Milwaukee's second tier did the most damage in Game 1 of their series.
By DARRELL FRY
© St. Petersburg Times, published April 25, 2001
Until this week, Orlando had no strategy for stopping Milwaukee's Scott Williams and Ervin Johnson because ... well, who worries about stopping Williams and Johnson?
It has dawned on the Magic, however, that its playoff life might now depend on slowing those two unlikely targets. They led Milwaukee's rebounding domination in the Bucks' Game 1 win in this Eastern Conference first-round playoff series and figure prominently in Orlando's defensive plans for Game 2 tonight.
Orlando may get away from the defensive wrinkles it threw at the Bucks in Game 1 -- coach Doc Rivers put forward Mike Miller on point guard Sam Cassell and point guard Darrell Armstrong on forward Ray Allen.
Rivers wants his best rebounder near the basket, not on the perimeter chasing guards, to keep the Bucks from outrebounding the Magic, as they did 59-42 in Game 1 and in three of the teams' four regular-season meetings.
Johnson (12 points, 10 rebounds) and Williams (19 points, 16 rebounds) did the most damage in Game 1, especially offensively, where Milwaukee held a 23-10 advantage. The Bucks turned that into 25 second-chance points, which Rivers said drained the life out of Orlando.
"We've just got to do a better job of keeping bodies on people," Magic forward Bo Outlaw said. "There were just too many people not being blocked out."
Here is Rivers' dilemma: He can't afford to give defensive help on Williams and Johnson because the Magic also must pay a lot of attention to Milwaukee's trio of stars -- Allen, Glenn Robinson and Cassell -- plus Tim Thomas, who is questionable with a strained back.
Allen, Robinson and Cassell were ineffective in Game 1, shooting a combined 17-for-52. But the Magic worries those three could get hot at any time.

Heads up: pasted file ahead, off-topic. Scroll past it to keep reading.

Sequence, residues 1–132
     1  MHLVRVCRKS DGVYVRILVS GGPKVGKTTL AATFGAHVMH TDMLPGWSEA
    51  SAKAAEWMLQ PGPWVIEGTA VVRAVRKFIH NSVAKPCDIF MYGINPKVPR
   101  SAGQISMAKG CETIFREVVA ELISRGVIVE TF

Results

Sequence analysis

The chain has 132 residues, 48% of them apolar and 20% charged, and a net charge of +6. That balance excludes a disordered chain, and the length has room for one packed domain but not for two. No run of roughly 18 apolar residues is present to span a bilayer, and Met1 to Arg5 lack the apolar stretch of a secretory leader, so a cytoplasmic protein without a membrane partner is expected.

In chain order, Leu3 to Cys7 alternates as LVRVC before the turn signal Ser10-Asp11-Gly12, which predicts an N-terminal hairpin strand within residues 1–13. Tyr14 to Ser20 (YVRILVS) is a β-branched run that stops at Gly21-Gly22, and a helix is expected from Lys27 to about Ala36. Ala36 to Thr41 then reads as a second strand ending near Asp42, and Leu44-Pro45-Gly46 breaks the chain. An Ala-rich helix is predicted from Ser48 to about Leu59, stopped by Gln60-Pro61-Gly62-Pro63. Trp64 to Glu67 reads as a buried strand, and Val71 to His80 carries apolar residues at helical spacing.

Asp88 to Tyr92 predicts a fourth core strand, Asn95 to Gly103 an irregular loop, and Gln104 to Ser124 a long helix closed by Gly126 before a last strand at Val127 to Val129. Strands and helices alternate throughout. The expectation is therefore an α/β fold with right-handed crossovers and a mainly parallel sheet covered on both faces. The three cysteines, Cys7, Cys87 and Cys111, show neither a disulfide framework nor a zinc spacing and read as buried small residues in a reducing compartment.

"We're asking (our big players) to do a lot," Orlando star Tracy McGrady said. "They've got to help us out in terms of guard penetrating, boxing their guys out and trying to get the rebound. We're not faulting them. We're definitely going to have to find a way to stop the big three and contain the other guys coming off the bench."
Rivers said Tuesday that he won't revamp the defensive plan but will look to use more muscle -- centers Michael Doleac and Don Reid. Each played about five minutes in Game 1.
"We need to be really in their faces," Armstrong said. "We might have to go out and eat some onions before the game just to let them know how close we are."
The Magic also must solve the Bucks' psychological advantage. Milwaukee has won 10 in a row against Orlando, nine with Rivers at the helm.
"I think there are odds when you're shooting craps but not always in basketball," Cassell said. "The players dictate the odds. No matter if you beat a team 14 times in a row, if you're playing good basketball, you're going to continue to beat them."
If the Bucks make it 11 in a row tonight, the Magic will fall behind 2-0 in the best-of-five series, an almost insurmountable deficit.
"If we get down 2-0, it will be difficult," McGrady said. "I still think we're going to steal one of these games (in Milwaukee). I truly believe that."
- Information from Times wires was used in this report.